|Number of Jobs:||54,600|
|This Job is Ranked in|
|Best Social Services Jobs||#15|
|The 100 Best Jobs||#58|
Hollywood has generated a wildly romantic image of the police officer's life. The reality, depending on where you work and for whom, is probably somewhere between Dirty Harry and Barney Fife. Much of policing, in fact, involves the tedium of writing reports and updating records. When you're not behind a desk, you'll be on patrol, making your presence known in the community and responding to incident reports. There is clearly a public-service element to the job that you could reasonably call heroic, but there's also a cost to your personal life. Officers work long hours and suffer high rates of job-related injury. Still, for those with the right character, the protect-and-serve profession can be very rewarding.
The Bureau of Labor Statistics (BLS) projects 8.2 percent employment growth for patrol officers between 2010 and 2020, adding 54,600 more professions.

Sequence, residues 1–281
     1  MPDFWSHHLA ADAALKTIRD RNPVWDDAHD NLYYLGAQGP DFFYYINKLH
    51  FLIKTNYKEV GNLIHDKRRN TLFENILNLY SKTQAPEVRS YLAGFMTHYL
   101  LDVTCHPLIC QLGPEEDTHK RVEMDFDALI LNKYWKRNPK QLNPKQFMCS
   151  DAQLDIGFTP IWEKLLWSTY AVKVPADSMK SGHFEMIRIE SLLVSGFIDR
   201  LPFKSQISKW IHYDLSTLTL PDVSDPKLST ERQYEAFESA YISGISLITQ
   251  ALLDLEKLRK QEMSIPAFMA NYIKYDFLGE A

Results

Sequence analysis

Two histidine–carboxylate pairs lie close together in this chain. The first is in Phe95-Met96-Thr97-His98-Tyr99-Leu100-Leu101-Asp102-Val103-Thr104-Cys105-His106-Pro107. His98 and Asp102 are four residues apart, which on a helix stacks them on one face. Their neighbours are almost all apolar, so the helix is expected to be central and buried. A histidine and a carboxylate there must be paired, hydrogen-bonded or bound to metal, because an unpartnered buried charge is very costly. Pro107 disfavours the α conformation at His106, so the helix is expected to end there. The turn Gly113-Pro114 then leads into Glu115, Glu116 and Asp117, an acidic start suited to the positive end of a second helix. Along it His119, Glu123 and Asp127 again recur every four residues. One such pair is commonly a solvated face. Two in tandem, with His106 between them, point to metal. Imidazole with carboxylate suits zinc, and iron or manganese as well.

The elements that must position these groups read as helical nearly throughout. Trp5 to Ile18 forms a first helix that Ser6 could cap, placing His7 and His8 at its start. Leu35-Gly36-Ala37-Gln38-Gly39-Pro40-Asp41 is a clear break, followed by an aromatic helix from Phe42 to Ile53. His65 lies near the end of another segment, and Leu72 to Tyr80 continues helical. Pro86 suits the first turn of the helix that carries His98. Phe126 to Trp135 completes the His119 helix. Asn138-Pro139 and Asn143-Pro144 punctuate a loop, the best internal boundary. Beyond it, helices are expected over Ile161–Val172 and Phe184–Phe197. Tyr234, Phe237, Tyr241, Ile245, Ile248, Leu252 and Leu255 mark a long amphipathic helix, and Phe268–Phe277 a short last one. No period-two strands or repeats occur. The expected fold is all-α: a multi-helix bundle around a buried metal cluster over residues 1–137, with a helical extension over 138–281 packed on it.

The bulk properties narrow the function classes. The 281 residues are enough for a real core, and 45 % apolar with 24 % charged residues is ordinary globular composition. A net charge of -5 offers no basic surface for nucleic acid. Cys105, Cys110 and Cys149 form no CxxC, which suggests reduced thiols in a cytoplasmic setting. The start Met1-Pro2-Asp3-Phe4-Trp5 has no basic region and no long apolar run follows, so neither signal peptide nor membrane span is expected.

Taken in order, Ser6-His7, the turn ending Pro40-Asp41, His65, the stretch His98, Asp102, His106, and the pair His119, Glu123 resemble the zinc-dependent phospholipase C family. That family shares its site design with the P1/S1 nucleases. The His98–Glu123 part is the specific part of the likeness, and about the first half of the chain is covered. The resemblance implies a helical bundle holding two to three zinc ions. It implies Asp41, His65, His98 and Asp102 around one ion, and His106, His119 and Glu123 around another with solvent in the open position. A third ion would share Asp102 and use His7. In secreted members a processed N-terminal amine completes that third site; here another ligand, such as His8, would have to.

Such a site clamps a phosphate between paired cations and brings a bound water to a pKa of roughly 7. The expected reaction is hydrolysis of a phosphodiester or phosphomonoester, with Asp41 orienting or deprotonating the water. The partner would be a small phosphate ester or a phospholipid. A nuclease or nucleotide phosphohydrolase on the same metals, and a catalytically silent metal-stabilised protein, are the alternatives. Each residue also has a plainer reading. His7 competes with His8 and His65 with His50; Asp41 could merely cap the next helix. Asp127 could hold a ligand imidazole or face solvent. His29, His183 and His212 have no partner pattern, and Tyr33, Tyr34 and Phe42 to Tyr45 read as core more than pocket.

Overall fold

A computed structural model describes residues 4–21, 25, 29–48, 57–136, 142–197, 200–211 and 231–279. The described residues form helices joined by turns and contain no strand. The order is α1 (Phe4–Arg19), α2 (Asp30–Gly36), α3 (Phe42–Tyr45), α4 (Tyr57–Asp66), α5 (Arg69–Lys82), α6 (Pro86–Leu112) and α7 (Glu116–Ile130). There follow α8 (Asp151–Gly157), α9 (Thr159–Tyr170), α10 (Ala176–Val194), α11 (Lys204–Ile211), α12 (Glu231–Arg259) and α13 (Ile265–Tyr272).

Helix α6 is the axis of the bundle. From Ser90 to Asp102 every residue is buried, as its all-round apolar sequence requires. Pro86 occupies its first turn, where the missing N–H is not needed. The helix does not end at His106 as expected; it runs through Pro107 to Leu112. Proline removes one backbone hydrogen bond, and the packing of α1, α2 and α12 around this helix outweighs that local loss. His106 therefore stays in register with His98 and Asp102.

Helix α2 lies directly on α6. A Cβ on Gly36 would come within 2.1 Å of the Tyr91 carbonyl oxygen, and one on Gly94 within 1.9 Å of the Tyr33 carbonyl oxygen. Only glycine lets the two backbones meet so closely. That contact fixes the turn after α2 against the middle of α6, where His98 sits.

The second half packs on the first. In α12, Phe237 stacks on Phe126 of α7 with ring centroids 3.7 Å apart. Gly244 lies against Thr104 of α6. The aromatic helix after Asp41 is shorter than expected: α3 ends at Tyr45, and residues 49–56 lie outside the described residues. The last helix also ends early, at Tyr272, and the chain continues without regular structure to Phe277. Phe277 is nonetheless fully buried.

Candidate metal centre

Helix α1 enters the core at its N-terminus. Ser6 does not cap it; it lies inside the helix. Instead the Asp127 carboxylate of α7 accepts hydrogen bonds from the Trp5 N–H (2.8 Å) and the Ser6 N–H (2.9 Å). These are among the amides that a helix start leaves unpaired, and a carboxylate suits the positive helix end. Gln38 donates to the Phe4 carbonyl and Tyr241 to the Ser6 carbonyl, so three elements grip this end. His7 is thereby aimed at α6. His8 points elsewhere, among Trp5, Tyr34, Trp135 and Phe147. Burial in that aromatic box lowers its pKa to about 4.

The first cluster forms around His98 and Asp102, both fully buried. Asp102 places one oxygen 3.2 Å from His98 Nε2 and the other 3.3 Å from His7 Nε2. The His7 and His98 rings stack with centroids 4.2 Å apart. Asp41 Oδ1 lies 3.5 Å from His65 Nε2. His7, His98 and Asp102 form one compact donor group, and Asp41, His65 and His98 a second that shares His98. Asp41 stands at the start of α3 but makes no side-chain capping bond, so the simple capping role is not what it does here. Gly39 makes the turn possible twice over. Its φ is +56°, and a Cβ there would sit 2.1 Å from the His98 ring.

The BLS reports the median annual wage for patrol officers was $54,230 in 2011. The best-paid 10 percent in the field made $84,980, while the bottom 10 percent made approximately $32,080. The highest-paid in the profession work in the metropolitan areas of San Jose, Oakland, and Santa Ana, Calif.
Each jurisdiction has its own educational requirements for patrol officers. In some, a high-school diploma is sufficient. Others demand a college degree. In any event, you probably won't be using a lot of textbook knowledge on the job. Before becoming an officer, you'll go through some form of training academy, where you learn about key legal codes, first aid, firearms, patrol protocol, and more. You'll also have to pass a rigorous physical exam. You'll need to be a U.S. citizen for one of these positions—and you should have a pretty clean criminal record.
Maj. Mark Brown, chief training officer for the Florida Highway Patrol, said in a 2011 email that the FHP looks for "a solid work history, a desire to help others, a willingness to work through a difficult academy and the ability to work anywhere in the state." Police organizations generally put candidates through a thorough vetting process. Brown said applicants to the FHP can expect "a rigorous background check, polygraph examination, psychological test, physical ability test, a written test, and they will be screened by a physician (including a drug screen)."
|Upward Mobility||Above Average|